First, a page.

A few weeks ago a new dog-owner in our park, hearing me call my whippet, recognised the name. "Oh – Tim," she said. "Is he the one who kills squirrels?"Wait, what..?
Yes. Yes, that would be Tim, and before you say anything, I'm sorry and ashamed.
Unless you don't mind, in which case isn't he fantastic?
The chase is thrilling and I am, plainly, proud of my dog's athleticism and skill.That's all very well, but I can't help but feel that if you were dressed in hunting pink and had a horse, the usual commentariat would be tearing you a new one right about now...
But I'm not indifferent to the squirrels' pain, and the social stigma is beginning to wear me down.Yes, it must be pretty embarrassing to be pointed out as 'That bloke who can't control his dog. Just like a chav...'
Why don't you get some Kappa outfits too, Robert? Complete the 'look', as it were?
The kill itself is usually quick and unbloody. The bad part is straight after: I want to grab the corpse with a poo bag and shove it in a bin before any children spot what's happening, but he won't let go, worrying it, nuzzling it.So, not only have you not trained him to run off (risking yet another hilarious video opportunity), you haven't trained him to leave what he has when you command?
Have you trained him at all?
Some people approve of Tim's activities: grey squirrels are rats, they say, and immigrants at that (the law takes the same view, putting its weight behind protection of native reds).Probably the only time you'll ever see the term 'immigrants' used in a pejorative sense by a CiF columnist that doesn't draw any fire, folks!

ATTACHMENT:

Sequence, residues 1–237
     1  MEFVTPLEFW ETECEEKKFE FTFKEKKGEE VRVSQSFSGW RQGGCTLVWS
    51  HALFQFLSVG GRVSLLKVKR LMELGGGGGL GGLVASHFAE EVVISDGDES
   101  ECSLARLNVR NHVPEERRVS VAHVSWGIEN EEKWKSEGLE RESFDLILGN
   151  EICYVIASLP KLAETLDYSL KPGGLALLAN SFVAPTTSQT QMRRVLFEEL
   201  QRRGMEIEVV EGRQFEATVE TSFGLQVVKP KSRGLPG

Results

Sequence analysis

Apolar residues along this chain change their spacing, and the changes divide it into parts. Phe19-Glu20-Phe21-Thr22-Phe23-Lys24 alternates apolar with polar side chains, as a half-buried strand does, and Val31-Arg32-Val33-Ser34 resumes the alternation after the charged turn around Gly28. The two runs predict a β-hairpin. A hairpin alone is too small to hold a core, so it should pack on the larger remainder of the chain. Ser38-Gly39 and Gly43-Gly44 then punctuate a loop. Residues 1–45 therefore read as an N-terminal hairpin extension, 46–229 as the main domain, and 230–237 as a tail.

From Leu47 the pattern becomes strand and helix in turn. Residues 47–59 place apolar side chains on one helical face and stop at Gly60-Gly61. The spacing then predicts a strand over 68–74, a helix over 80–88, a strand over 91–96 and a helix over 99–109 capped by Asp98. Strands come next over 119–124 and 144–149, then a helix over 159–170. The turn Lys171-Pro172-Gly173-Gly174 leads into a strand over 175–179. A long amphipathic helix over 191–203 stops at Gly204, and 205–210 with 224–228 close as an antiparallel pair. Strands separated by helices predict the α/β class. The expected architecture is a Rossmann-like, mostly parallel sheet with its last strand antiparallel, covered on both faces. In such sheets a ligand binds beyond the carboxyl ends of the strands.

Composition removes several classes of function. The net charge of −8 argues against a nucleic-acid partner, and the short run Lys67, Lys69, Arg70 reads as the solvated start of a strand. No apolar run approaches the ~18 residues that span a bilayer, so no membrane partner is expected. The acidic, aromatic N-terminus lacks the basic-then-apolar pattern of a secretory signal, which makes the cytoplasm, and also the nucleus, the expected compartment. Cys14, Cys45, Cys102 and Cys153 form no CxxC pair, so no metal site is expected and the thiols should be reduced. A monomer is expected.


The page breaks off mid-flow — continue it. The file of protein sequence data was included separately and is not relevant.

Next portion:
Dog-owners sympathise: it's what their dogs want to do.Their dogs 'want to do' lots of unsocial things, Robert; crap wherever they want, chase cars, savage other animals or people. Usually, we train that out of them.
But others – friends, park rangers, passing strangers – have told me off for "letting" Tim kill.Well, you're the one holding the leash, aren't you? You're the one not ruled by instinct, aren't you? You're the human, aren't you?
Who else should they blame?You might want your dog to 'act like a dog', but you're not the centre of the universe, are you? Except, clearly, in your own head...
I've started trying to intervene, but it's not always easy; he sees them from hundreds of yards away and moves much, much quicker than I can.The clue's in the name. And the build.
Besides, what I like about dogs is that, however domesticated they may seem, they have wild hearts; to stop Tim hunting – if that's possible – would mean suppressing something essential.That's what 'domestication' is, Robert...
Coming to dog-owning in midlife, I have been surprised to find how many people in this nation of animal-lovers only really love animals when they behave like small furry humans – hygienic, chaste, polite. I want my dog to act like a dog; but it does seem tough on the squirrels.